The key factor behind the optimistic forecasts is the public’s fascination with smartphones, which are fast becoming the dominant form of cellphone being sold worldwide with an estimated 722 million shipped last year. International Data Corp., another tech consulting firm, expects the number of smartphones shipped annually will double to 1.5 billion over the next four years. Keep in mind that there are presently about 7 billion people on the planet.

It’ll be very interesting to see how this shakes out. I can’t imagine that the market will ultimately support more than maybe two or three mobile payment technologies. People aren’t going to load up multiple apps on their smartphones, and vendors won’t want to bother with systems that their customers don’t use. Will established players like Visa and PayPal suck all the oxygen out of this space, or will the upstarts steal their thunder and become big boys and girls themselves? Place your bets, y’all.

One cannot talk about new technology without also talking about security for this new technology.

Payments industry executives say the technology is good and getting better. But security experts say the swift growth of smartphone use inevitably is going to attract fraud. And as more consumers use their mobile phones as payment devices, the potential risks can increase.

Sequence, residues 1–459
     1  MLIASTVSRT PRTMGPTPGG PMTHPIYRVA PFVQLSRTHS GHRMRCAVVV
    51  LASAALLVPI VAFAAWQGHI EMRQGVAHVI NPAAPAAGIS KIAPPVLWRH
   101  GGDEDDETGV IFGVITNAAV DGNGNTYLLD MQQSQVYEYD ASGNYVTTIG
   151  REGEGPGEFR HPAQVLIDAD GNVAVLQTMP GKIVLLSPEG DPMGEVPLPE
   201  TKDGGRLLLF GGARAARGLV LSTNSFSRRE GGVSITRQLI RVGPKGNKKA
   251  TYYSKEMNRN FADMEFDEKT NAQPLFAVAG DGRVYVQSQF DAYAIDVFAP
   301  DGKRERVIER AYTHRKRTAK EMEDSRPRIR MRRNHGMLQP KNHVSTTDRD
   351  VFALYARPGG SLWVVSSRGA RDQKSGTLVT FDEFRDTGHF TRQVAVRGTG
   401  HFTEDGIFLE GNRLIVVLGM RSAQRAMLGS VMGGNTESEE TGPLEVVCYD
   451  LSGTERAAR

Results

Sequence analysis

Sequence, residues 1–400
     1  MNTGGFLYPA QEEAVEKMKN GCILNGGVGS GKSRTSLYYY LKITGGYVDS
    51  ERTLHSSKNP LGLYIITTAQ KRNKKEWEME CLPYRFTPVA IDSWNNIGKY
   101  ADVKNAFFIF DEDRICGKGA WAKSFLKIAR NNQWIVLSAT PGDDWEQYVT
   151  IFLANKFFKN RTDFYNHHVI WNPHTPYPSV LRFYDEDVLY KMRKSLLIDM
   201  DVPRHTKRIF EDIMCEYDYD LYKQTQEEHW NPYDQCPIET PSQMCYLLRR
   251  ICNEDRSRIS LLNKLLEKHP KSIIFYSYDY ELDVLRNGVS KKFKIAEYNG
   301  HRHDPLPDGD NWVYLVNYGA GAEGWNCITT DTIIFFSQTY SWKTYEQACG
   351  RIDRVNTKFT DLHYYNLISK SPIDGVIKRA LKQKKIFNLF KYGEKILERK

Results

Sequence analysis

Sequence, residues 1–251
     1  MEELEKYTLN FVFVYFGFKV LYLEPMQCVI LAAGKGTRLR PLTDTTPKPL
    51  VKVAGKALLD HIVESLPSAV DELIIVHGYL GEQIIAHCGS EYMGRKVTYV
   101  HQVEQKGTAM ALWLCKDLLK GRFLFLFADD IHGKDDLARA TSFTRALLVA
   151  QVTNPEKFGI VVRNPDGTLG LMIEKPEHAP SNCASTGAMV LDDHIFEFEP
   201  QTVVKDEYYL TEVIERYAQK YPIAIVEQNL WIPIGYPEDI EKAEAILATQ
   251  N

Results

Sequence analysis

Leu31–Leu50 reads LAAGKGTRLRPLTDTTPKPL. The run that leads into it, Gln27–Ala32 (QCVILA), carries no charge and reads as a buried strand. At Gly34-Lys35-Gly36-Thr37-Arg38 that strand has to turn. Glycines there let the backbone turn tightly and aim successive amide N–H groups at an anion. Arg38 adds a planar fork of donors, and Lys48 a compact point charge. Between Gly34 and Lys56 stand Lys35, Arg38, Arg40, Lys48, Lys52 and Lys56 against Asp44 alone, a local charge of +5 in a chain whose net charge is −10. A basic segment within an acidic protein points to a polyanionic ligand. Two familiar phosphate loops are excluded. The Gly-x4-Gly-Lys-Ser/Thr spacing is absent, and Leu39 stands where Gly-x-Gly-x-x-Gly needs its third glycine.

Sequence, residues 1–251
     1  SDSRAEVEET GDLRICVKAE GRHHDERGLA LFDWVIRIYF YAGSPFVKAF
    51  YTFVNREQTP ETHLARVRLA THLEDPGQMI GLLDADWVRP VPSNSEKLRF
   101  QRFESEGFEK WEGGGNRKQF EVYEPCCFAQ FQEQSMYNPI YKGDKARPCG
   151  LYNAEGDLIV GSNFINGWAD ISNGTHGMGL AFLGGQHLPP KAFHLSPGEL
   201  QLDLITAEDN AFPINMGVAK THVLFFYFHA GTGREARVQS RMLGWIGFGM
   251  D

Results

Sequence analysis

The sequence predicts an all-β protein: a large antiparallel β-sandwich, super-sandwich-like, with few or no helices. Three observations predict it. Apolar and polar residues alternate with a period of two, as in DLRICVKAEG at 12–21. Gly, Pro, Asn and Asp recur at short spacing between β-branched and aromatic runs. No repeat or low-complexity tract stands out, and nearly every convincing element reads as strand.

Dallas-based NQ Mobile, the leader in security software for smartphones, says it saw more than 65,000 new malware threats released worldwide in 2012, up from 24,000 the year before. Malware and phony app sites can direct unsuspecting phone users to sites where they give up sensitive personal information, such as bank account passwords.

“It is a real problem, and it is growing,” said Gavin Kim, chief commercial officer of the company. “Smartphone sales are booming, and they are becoming a much more targeted device by hackers.”

The company sells software that can identify mobile phone apps sites and protect users against malware and viruses.

Interest in the mobile phone security software is growing, but the company estimates that only about 8 percent of the mobile market actually uses security products on phones.

Certainly, the threat of malware is there for smartphones – it’s a huge growth opportunity for the bad guys, especially if smartphones become popular for making payments. The back end is likely the bigger target, but I presume that the PCI DSS standard would still apply to mobile payment systems. But threats aren’t limited to just software these days. It’s just a matter of time before there’s a vulnerability in mobile payment systems. Doesn’t mean you should avoid them, just that as with all other things related to computing that you be aware of the risks and take steps to mitigate them.

Check your DNS

Your computer may be infected with a virus that will cause it to lose connectivity to the Internet in July.